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ISL team balance sheet: In-depth look at revenue generation factors (Part 1)

EXPERT COLUMNIST
16.02K   //    07 Nov 2014, 17:28 IST
The ISL team owners with their marquee players at the glamorous inauguration ceremony at the Salt Lake Stadium

Diwali did come early for millions of passionate football fans in the country. The ISL opening on the October 2014 saw the Salt Lake lit up only by the visual extravaganza but also by the shine of the celebrities present in the football mecca of India.

After a long wait, since IMG-R stepped into the world of Indian football in 2010, finally the birth of the footballing nation and that of the Indian Super League happened. The combined strengths of Reliance Industries, IMG and Star India was the right mix that was needed to give shape and success to the brand new football property. As per the latest numbers from the media groups, the ISL opened with viewership exceeding the English Premier League as well as the very popular FIFA World Cup. 

So finally, to a lot of people’s surprise and after many insiders’ predictions, the ISL has arrived and that too in style. 

The event has created some much needed profile as well as recognition for India in terms of football, which should lead to more investments and participation at all levels of the sport, subject to the right steps that all the stakeholders take in the long term interest of the beautiful game.

One of the key stakeholders of the ISL have been and will be the 8 franchisees and hope that this number grows in the future. After all, these were the passionate, resourceful and well-known groups and individuals who took the leap of faith in the initial days. 

After a glitzy start, it is time for the franchisees to have a serious look at the P&L as well as the balance sheet. The wave of enthusiasm shall last only for so long before the financial numbers become a matter of concern for the business houses and the company boards.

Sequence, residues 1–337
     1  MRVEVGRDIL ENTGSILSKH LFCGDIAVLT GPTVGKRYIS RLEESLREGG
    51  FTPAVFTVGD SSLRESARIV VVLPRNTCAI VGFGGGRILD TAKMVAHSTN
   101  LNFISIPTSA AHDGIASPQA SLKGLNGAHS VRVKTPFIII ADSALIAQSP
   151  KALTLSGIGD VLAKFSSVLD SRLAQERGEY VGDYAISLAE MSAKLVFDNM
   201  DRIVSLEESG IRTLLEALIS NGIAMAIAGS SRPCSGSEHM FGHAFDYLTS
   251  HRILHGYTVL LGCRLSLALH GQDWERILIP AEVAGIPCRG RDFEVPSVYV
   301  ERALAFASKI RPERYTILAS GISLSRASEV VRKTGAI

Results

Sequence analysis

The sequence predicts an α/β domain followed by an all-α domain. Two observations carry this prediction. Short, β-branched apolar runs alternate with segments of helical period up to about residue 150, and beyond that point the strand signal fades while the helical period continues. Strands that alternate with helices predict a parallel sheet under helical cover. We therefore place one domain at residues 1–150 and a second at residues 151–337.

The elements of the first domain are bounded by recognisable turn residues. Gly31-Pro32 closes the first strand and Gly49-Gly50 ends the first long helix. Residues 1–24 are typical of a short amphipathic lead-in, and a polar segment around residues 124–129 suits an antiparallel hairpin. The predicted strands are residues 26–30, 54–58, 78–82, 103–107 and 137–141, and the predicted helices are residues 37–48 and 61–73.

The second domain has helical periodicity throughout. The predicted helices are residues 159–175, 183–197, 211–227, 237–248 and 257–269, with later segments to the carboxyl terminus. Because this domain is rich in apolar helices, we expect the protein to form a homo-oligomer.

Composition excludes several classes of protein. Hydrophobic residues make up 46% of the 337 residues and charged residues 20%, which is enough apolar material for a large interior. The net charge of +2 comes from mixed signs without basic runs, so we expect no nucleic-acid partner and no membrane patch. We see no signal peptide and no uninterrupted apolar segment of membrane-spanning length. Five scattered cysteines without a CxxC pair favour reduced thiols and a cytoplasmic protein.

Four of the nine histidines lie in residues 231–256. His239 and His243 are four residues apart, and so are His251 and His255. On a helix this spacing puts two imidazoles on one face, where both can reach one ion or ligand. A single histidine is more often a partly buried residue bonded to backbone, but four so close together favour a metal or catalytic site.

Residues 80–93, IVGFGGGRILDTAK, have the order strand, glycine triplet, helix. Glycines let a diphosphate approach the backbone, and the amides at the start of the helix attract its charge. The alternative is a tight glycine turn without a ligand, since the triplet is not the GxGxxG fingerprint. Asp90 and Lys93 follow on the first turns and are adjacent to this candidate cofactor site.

Going by the initial analysis on the franchisees’ side, all the 8 groups were and are mindful of the fact that it’s going to be about continuous investment and absorbing significant losses for at least 3 to 5 years. 

Let’s have a quick look at the expenditure side of these clubs:

(average figures in INR Crore)


FRANCHISE FEE

OPERATIONAL EXPENDITURE

TOTAL ANNUAL BUDGET

Base Price of INR 12.5 (average bid value was around 15)

40

55

 

(*Non-audited figures collected from various sources)

For some reason, it was also observed that a majority of these teams predicted sponsorship and revenue figures to be at the same levels as the IPL. 

Below is the summary of the sponsorship landscape as it stands today for the ISL and it’s franchisees:

PARTICULARS

TITLE

ASSOCIATE

PARTNERS

ISL CENTRAL SPONSORS

Hero

Maruti Suzuki
Samsung

Amul
Puma
Muthoot
Pepsi
Nise

CHENNAI

Ozone group

 

Reliance Digital

DELHI

Freecharge

Skyworth

Cisco
Lotto
Den Boomband

GOA

Videocon D2H


Kenstar


Usha
Ponds
Gadre Marine
Adidas

KERALA

Muthoot Group

 

Synthie
Air Asia

KOLKATA

Aircel

 

Lux Cozi
Apollo Munich

MUMBAI

Jabong.com

 

IDBI Bank

NORTHEAST

HTC

Haier
Garnier Men
McDowell's No. 1 Soda